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Moody's put out a report yesterday saying that SEVENTY-NINE percent of commercial landlords did not pay their loan on time in the first quarter.
Euro real estate is set to crash and burn. Have a pot of money under the bed? I'd say put it into a fund that will buy foreclosed European real estate at cents on the dollar.
The private equity guys are all over this trade. Blackstone put a fund together for mezzanine loans recently. The NJ State pension fund bought in. The fund is targeting RE loans in Europe because the banks can't refinance the loans so Blackstone expects huge yield and expect to reap benefits in foreclosure. Other PE groups are buying up European farm land. It is literally vulture capital at work.
How do we get in on this?
gotta love capitalism
ask obailout to bail them out, easy!
What is an obailout?
Here is the article: http://www.bloomberg.com/news/2012-05-31/moody-s-says-79-of-european-cmbs-went-unpaid-in-first-quarter.html
But its actually "79% of loans packaged into commercial mortgage-backed securities," not sure if that is a meaningful distinction with "79% of all commericial landlords."
Would also welcome thoughts on how to get in on this.
I think there's more here than the article suggests. Commercial loans don't have the same stigma with regard to defaults that individual residential loans have. Frequently this is nothing more than a negotiating tactic to either extend or modify the loan. Commercial transactions are analyzed before and after purchase with this in mind.
So I can put my pile of gelt back under the bed, Riversider?
RS: The thing that is going on here is far more serious than what the article suggests. These companies are constrained and are probably having difficulty paying back the loans. However, the bigger problem is that if they do, they are paying the money back to insolvent banks. So, as a form of structured default, they with hold payment because when they are forced to refinance through hedge fund and private equity, --which will be the only source of funds in the coming two years when most of the loans are coming due -- they will have to refinance at very high rates. The banks they owe the money to now will either be nationalized or defunct. These companies are probably holding onto their capital to prepare for the next round of refinancing.
It is a slow run on the European banks. Who is going to come after them for this money. It is perhaps a lesson we should all heed. Hide your nuts. It is going to get pretty squirrelly out there.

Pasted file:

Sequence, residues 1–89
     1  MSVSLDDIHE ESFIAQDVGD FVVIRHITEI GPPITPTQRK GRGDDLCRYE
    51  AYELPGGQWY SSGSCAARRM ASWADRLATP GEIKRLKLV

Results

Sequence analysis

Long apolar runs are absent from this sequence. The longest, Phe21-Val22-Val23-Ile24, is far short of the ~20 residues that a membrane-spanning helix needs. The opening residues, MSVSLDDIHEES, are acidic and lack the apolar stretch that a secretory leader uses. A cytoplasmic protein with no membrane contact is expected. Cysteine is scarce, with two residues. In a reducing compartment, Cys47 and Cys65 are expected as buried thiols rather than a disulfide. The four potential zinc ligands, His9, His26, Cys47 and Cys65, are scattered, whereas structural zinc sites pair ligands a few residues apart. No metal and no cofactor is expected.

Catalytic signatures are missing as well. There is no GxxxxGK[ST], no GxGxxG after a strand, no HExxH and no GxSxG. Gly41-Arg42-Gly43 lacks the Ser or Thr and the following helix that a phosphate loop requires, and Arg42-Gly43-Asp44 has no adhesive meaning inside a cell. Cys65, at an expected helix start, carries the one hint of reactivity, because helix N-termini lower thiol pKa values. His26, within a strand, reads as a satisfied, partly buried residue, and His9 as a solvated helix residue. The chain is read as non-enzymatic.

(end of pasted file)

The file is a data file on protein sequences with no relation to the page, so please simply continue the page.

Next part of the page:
Yes, but don't tell anyone.
Have people taken advantage off the exchange rates and the turmoil there?
It's true as one post-er noted that the 79% delinquency rate is for commercial mortgages held by CMBS trusts. So that means the party that is not getting paid back is the bondholders, technically speaking.
The bondholders are the lenders in this arrangement. It's securitization, similiar to the securitization of residential mortgages that blew up the US economy a few years ago.
Who holds the CMBS bonds? Don't know. Probably all the Euro banks hold some CMBS, plus pension funds and life insurance companies. Some hedge funds and private equity funds.
Many US institutions likely hold these bonds as well.
It's true that the borrowers will try to hold out for loan modifications -- maybe get an extension and a better interest rate, maybe even some principal reduction.
I wouldn't be alarmed by this prospect if it were 10% delinquency, like in the US. But it's 79% -- geez, nearly every big mortgage in Europe is not paying back on time. This assumes most big loans are in CMBS, but I don't know for sure. Probably most big loans of recent vintage, for sure.
I'm sure vultures are circling, aggregating capital and putting their scouts on the ground, hoping to snatch up these loans at big discounts to face value. The CMBS trusts will start to liquidate the loans in short order, especially if they have to deal with such a huge flood of delinquency.
I don't know how individual investors can get in on this. Some commercial lender types who are familiar with Europe should put together funds for small investors to try to snatch up some good deals.
I have no experience of Europe beyond Italy in August -- tourism only. Someone with lending experience in Europe would come in handy.
The private equity guys have been on top of this for well over a year. I listened to a pitch for Blackstone capital raising last year that was entirely focussed on this problem. Goldman put Blackstone on their conviction buy list last week for this reason. I'm not sure who else is circling this CMBS drain but there is lots of PE money vying for a piece. Maybe KKR? FIG? I am sure there are many.
>I listened to a pitch for Blackstone capital raising last year that was entirely focussed on this problem
Wow, what diverse interests you have.
A "pitch" has a pitcher and a pitchee.
Apt 23 is now in the game with the big guys.
They like how she reads the news.